Upsetting sight

Upsetting sight in town today.

Monday, 8th January 2018, 6:10 am
Updated Monday, 8th January 2018, 6:15 am
Upsetting sight

How do things become so bad to end up like this?

Jayne Grayson

by email

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Clear for all to see

I’m the Green Party candidate for the by-election that surely has to happen soon if people living in Sheffield are to have an MP actively representing and working for them.

I have been involved in the campaign to protect healthy street trees since 2015. I note the pre Xmas Lib Dem candidate interview, (Star December 12), and agree it is now about more than the trees. The focus is now on the detail of the £2.2 billion contract signed with Amey in 2012. It was negotiated by the Lib Dems between 2008 and 2011; Labour completed and signed the contract when they took control after the 2011 elections.

Both Labour and the Lib Dems knew about the lack of accountability written into the deal that has led us to the council’s current unacceptable actions on our streets. We will work with the Lib Dems and many other groups to protest against the felling of healthy street trees and to oppose a dictatorial Labour council. But we do so having actively opposed the Streets Ahead contract from the start. A key public service is now run by a private company driven by profit and the downsides of that decision are clear for all to see.

Peter Garbutt

Green Party Candidate for Sheffield Hallam Constituency

For the good of the city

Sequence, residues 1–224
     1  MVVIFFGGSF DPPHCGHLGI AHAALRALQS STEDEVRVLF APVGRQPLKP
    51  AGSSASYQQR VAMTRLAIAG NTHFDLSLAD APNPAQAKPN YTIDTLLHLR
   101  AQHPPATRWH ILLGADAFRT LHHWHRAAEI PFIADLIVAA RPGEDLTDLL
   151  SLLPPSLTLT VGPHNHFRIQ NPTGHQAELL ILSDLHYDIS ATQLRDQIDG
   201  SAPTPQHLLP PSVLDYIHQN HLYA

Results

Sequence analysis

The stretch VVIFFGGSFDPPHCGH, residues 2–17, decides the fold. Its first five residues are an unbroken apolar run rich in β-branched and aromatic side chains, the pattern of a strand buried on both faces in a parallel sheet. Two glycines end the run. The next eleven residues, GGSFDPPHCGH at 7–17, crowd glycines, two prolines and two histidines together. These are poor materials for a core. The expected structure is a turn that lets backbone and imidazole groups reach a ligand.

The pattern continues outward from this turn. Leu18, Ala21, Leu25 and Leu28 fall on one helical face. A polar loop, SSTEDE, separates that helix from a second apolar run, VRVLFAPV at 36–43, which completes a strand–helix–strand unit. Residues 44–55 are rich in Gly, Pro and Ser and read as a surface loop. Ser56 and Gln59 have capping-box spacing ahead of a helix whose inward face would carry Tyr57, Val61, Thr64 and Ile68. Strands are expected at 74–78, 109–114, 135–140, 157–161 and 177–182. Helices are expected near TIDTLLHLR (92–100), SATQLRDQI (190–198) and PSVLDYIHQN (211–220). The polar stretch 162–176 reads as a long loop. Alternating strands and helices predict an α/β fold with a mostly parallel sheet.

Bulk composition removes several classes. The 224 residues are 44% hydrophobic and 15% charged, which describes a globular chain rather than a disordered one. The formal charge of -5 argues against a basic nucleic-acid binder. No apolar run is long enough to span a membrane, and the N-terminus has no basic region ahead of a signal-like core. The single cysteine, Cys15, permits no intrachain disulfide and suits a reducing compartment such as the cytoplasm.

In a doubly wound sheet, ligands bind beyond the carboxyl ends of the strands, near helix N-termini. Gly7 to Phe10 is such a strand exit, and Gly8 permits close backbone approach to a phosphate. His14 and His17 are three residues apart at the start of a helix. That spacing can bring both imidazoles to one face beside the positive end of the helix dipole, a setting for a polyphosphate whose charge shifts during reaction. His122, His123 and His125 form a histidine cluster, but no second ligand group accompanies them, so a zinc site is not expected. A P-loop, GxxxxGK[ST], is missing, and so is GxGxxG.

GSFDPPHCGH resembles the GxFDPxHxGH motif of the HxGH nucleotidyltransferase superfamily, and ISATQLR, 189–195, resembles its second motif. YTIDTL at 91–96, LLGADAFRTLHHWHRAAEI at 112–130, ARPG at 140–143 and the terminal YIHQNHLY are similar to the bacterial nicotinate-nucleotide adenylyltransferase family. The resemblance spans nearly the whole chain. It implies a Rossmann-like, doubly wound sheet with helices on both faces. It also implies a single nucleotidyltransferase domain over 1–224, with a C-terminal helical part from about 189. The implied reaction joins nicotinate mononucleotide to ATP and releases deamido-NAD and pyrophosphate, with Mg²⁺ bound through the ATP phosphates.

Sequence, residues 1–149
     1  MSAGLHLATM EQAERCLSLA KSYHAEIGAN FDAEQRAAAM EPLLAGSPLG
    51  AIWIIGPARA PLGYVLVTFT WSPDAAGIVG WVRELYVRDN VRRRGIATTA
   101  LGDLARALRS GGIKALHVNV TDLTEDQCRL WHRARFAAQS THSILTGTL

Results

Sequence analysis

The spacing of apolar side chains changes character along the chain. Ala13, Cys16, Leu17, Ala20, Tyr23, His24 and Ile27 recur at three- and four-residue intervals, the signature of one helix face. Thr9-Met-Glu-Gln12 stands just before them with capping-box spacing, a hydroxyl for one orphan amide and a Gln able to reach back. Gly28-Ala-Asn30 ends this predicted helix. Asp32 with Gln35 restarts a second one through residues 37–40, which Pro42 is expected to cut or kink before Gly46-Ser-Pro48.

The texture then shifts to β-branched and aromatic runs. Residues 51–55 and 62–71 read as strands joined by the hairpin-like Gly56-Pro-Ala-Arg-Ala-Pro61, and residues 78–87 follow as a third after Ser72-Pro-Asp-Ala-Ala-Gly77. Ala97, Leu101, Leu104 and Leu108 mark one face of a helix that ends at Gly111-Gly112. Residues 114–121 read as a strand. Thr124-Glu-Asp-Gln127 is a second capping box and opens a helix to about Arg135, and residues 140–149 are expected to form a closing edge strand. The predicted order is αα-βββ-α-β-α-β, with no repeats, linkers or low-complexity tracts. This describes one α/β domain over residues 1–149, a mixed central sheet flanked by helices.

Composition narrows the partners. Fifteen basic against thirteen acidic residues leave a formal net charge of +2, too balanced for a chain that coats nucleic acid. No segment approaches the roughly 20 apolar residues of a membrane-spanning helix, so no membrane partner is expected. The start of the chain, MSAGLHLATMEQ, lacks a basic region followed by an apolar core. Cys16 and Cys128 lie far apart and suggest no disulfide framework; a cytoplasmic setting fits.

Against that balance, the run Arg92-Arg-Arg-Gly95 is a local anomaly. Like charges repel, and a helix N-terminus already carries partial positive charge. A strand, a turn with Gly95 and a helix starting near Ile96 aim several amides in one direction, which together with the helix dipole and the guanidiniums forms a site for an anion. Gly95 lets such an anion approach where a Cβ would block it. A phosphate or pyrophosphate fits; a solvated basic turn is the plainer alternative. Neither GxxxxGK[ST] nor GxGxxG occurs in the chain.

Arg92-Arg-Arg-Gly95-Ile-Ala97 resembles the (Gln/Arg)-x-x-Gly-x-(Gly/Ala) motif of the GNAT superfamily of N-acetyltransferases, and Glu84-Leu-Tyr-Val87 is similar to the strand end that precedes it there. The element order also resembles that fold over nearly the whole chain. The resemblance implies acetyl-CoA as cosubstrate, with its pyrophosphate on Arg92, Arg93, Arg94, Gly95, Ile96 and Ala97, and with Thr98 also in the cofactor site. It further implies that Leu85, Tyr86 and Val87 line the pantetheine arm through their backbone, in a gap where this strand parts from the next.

I wanted to express my support to the two residents who wrote in about the trees, who are now being slaughtered and belittled on the STAG facebook page.

I too have been on the receiving end of this abuse outside my property in S6 where I expressed my thanks for the removal of a damaging tree, allowing me to pass safely with my elderly family member.

The campaigners are on the whole bullies and completely blinkered, a quick look on their Facebook page shows how unkind and dismissive they are of anyone who doesn’t agree or anyone who dares to have a different set of priorities.

People can love the beautiful trees whilst understanding that on occasion tough decisions have to be made for the good of the city, thank goodness there will be more trees at the end of the contract making this now an issue to let lie.

Louise

by email

Voters, take action

2017 saw the inner workings of a dysfunctional Labour run council exposed, linked to an unwillingness to come clean on their failings. And offering “fake news” about the Streets Ahead contract in response to tree campaigners.

Throughout the year Bryan Lodge trotted out the same discredited information. “Trees are only replaced as a last resort”, “the only trees being replaced are those causing real problems for people on our streets” and more.

Thousands have challenged these claims in letters to councillors and MP’s and their responses consistently lack the evidence to back them up.

In these circumstances people feel they have no choice but to engage in non-violent direct action to save trees where there is no credible evidence they are diseased, dangerous or dying.

Or that engineering solutions available within the contract cannot be used to cover damaging or discriminatory situations.